29 June 2016
‘Being gay is who you are, and God doesn’t make junk,’ a straight man said
When they come to analyse major shifts and changes in society, cultural theorists speak of “fault lines”. They sometimes apply the London Underground’s famous safety warning: “Mind the gap”. Two recent events made me aware of contemporary Catholicism’s major fault lines, and how we need to very carefully mind the gaps.
The first was a gathering for 85 well-educated Catholics aged 18–25. Quickly, conversation settled on one of the many consequences of the clergy sexual abuse crisis: the Church’s lack of credibility in its moral teaching. It appeared none of them would give the Church’s position much weight because the gap between our teaching and practice has been revealed to be just too great.
The case study in this discussion became same-sex marriage. As well as I tried to positively present the Church’s ideas about the nature of marriage – and this was before Pope Francis said the Church should apologise for the way it treated gay people in the past – not only did these young Catholics reject these arguments, it also was clear they just didn’t understand them.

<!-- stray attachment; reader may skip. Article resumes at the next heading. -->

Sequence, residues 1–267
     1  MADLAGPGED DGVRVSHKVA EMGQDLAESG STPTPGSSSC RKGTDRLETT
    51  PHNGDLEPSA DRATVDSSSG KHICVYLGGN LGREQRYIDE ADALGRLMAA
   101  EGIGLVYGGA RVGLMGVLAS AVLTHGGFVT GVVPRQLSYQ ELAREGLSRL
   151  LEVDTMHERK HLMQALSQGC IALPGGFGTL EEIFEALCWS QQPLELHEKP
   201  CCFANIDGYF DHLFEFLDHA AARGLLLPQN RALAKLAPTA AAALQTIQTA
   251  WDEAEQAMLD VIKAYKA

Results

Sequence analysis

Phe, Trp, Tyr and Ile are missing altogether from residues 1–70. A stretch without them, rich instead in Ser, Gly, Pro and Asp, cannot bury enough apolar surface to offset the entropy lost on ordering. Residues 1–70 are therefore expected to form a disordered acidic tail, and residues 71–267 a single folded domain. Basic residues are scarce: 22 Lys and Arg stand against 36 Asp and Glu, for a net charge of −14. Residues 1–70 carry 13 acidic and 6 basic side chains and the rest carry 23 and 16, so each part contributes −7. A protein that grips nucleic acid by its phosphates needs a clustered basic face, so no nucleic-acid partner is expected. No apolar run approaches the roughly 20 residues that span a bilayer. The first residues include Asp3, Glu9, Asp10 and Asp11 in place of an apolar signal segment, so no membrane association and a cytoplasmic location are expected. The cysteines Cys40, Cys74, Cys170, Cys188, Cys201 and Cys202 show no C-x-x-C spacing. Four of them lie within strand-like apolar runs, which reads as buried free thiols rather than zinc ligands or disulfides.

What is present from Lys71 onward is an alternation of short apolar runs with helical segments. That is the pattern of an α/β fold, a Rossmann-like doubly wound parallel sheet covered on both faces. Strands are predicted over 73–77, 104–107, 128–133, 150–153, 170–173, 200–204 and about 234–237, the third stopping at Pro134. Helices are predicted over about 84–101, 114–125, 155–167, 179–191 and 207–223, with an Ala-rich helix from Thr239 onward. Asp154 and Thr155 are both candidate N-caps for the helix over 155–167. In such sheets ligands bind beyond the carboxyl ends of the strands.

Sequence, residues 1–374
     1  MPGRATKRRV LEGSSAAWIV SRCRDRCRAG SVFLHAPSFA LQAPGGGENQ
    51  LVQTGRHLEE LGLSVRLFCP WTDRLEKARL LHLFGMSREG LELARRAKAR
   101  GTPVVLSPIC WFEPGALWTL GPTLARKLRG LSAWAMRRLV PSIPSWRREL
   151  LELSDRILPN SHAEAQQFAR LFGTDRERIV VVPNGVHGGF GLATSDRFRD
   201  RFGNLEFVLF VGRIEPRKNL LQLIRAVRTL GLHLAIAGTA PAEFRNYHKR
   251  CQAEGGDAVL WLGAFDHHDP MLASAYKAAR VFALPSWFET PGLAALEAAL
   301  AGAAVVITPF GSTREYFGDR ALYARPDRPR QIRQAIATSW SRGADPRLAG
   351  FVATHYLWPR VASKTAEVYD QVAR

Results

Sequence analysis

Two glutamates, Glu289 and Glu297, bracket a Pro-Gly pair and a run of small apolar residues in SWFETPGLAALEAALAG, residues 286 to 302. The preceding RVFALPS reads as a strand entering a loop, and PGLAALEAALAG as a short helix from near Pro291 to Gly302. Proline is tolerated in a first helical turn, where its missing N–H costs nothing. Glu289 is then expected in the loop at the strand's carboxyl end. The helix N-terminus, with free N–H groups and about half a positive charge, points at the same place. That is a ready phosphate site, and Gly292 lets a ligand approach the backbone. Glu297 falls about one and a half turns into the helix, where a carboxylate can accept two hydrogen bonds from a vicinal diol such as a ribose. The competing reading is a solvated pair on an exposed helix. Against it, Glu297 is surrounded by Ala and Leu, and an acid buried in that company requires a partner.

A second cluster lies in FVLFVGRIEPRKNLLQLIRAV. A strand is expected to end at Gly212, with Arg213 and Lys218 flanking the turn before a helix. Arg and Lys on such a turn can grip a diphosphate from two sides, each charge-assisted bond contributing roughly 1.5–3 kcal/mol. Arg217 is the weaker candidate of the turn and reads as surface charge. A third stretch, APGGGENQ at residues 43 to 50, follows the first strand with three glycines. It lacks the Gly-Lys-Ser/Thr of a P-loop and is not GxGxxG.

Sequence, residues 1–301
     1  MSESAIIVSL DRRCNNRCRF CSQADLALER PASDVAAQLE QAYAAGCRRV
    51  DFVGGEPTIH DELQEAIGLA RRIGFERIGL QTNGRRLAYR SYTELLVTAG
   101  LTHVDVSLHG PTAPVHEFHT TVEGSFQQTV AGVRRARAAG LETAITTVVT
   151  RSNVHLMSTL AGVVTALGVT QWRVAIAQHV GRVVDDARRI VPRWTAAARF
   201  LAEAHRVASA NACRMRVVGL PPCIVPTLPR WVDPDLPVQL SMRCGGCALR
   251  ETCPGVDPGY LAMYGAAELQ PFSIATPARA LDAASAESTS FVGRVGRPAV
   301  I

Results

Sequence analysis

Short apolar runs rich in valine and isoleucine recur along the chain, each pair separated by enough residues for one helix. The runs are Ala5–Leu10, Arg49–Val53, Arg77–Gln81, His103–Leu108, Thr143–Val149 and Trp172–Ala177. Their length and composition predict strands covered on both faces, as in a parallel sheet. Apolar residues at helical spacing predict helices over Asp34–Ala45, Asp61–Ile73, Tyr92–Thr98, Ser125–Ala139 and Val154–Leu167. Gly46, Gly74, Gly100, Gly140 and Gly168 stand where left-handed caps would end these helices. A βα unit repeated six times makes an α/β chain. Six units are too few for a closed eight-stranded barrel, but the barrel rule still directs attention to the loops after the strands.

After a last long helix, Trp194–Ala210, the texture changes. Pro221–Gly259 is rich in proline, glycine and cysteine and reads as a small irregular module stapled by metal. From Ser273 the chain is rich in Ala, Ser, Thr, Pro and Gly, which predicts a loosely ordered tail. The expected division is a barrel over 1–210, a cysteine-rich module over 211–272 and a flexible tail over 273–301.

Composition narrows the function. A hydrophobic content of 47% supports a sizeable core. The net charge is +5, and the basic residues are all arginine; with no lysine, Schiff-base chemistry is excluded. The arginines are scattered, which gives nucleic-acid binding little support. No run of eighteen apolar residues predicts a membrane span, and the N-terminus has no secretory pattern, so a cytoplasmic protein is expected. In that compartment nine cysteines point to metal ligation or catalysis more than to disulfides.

Some of them are gay – in or out. They have gay brothers and sisters, relatives, friends and colleagues. LGBTI people are not “other” to them. I discovered that the nature/nurture debate has been resolved. Natural law came in for a hammering: “Being gay is who you are, and God doesn’t make junk,” one of the straight men stated.
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